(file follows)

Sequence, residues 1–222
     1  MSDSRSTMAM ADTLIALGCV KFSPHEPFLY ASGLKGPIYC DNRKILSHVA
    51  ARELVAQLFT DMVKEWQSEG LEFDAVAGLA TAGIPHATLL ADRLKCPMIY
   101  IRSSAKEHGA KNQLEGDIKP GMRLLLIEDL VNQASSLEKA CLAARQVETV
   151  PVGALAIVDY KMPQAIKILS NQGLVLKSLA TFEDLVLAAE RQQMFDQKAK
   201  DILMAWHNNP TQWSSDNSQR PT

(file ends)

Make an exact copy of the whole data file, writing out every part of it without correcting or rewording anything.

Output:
Sequence, residues 1–222
     1  MSDSRSTMAM ADTLIALGCV KFSPHEPFLY ASGLKGPIYC DNRKILSHVA
    51  ARELVAQLFT DMVKEWQSEG LEFDAVAGLA TAGIPHATLL ADRLKCPMIY
   101  IRSSAKEHGA KNQLEGDIKP GMRLLLIEDL VNQASSLEKA CLAARQVETV
   151  PVGALAIVDY KMPQAIKILS NQGLVLKSLA TFEDLVLAAE RQQMFDQKAK
   201  DILMAWHNNP TQWSSDNSQR PT